HAVANA – Cuban Vice-President Otto Rivero reported this week that Fidel Castro is “permanently” taking part in the political activities of the country and is participating in top-level decision-making. The announcement prompted speculation that Castro is planning to make a full return to power soon.
“Fidel has not disappeared,” Rivero told reporters. “We have him here permanently.
He’s participating in the decisions that are his responsibility to take part in.”
However, Castro, who has been slowly recovering from an undisclosed but serious illness since last July, did not appear in public at the huge May Day parade this week in Havana.
The iconic Cuban leader turned over power provisionally to his younger brother Raul after undergoing emergency intestinal surgery July 31 and since then has been seen only sporadically in specially released videotapes and photographs while he recovers.
Speculation about Castro’s possible public reappearance increased last weekend after Bolivian President Evo Morales said that the Cuban leader might reassume the communist island’s presidency this week.
“I’m sure that on May 1, comrade Fidel is going to get back to governing Cuba and Latin America,” said Morales, one of Havana’s closest allies.
Rivero said that the most recent images of Castro released by the island’s media last week during a meeting with a high-level Chinese delegation were a “very important and encouraging” sign.
“Our people felt very happy to see a recovered Fidel. In the pictures … the change and the transformation (for the better) that have occurred (in him) were visible,” Rivero said, emphasizing the “consistent and very dignified” attitude and the “spirit of high responsibility” displayed by the Cuban people during Castro’s convalescence.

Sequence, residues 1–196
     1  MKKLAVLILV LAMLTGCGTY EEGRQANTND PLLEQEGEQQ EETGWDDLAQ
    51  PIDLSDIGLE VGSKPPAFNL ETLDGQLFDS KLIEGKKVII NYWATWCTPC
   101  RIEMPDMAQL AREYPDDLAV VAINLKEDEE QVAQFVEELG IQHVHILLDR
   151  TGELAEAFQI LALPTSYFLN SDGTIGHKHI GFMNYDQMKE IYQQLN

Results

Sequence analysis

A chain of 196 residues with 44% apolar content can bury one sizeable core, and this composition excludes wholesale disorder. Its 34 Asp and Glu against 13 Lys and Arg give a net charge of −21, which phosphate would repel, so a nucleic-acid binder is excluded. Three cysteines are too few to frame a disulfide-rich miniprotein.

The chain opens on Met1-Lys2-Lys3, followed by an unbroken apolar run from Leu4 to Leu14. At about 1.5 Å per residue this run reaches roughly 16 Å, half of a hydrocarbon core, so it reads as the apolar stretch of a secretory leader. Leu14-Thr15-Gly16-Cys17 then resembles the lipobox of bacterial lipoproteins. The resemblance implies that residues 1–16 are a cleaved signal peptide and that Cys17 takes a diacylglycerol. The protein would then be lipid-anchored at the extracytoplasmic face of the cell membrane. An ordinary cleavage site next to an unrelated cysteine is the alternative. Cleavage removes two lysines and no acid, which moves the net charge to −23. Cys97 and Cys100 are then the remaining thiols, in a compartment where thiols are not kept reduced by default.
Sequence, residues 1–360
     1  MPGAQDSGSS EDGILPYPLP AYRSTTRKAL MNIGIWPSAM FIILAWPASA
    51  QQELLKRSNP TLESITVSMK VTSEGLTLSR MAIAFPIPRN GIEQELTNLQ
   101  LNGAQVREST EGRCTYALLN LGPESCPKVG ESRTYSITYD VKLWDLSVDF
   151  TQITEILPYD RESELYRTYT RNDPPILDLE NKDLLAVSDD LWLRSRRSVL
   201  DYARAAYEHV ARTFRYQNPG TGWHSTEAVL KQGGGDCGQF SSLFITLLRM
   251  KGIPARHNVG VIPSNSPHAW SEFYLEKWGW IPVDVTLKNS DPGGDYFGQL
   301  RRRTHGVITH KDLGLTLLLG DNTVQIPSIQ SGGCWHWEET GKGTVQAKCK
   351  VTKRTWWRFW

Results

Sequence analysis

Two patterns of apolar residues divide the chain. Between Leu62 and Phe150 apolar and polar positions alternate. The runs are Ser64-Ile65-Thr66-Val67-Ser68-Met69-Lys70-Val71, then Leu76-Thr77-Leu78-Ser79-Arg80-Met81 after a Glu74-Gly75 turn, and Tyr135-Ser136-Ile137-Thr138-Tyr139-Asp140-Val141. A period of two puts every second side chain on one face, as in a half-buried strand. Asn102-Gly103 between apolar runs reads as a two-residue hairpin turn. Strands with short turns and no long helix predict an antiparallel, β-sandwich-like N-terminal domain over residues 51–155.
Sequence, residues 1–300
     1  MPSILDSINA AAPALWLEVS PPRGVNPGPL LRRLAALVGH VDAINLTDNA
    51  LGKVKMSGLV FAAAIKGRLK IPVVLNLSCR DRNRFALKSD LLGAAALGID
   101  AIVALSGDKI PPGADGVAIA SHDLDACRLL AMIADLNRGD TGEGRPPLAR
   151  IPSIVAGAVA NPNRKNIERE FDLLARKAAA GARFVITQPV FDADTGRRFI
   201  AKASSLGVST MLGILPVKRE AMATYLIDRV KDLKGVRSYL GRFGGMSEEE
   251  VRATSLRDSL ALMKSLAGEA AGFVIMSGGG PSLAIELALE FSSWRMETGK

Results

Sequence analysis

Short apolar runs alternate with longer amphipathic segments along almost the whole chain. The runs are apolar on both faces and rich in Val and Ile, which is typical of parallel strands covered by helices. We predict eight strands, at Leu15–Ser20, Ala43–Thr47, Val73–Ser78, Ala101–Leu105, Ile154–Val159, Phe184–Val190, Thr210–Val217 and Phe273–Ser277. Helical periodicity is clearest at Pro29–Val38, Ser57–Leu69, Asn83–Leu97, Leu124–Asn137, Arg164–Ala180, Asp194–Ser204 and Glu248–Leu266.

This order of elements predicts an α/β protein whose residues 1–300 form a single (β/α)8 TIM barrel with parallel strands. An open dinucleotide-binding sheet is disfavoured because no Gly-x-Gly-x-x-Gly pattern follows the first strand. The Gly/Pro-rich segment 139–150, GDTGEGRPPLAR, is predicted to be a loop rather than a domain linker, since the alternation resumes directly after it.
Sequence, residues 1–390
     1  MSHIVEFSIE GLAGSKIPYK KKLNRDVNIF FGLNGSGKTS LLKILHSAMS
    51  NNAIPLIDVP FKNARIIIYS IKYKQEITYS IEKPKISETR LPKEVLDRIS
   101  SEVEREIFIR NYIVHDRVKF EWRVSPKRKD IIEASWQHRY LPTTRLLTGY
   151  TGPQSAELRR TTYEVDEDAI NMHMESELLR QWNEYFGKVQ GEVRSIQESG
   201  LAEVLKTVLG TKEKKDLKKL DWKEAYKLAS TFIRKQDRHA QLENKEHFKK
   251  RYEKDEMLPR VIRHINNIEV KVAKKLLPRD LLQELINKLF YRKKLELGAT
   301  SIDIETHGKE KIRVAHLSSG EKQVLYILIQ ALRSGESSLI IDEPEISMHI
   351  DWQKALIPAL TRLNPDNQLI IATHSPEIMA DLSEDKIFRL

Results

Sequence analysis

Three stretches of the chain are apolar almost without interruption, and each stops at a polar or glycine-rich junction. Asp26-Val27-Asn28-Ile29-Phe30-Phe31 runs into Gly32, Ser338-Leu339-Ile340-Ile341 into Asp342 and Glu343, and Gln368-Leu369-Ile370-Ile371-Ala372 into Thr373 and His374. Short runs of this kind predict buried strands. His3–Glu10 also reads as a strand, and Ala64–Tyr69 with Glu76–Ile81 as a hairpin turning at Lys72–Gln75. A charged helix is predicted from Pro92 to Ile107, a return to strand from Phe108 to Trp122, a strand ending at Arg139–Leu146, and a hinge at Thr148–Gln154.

The precise nature of Castro’s health problem has remained a state secret ever since he became ill, but observers abroad have speculated in the foreign press that he has been suffering from diverticulitis, cancer and/or several other serious maladies.
Rivero heads the department that is managing the so-called “Battle of Ideas,” the strategy launched by Castro in 2000 to demand that Washington, D.C. return Cuban child Elian González, rescued from a raft off of Florida, to Cuba.
After a prolonged and bitter international custody battle, the boy was returned to the island and the Battle of Ideas was pursued as a campaign to push projects linked with the promotion of the Cuban Revolution, including education, health care and culture.
Since the first project launched within the framework of the initiative, the so-called “Anti-imperialistic Stage” erected in front of the U.S. Interests Section in Havana in 2000, the Battle of Ideas has included 200 programs and more than 7,000 other projects, according to the official count.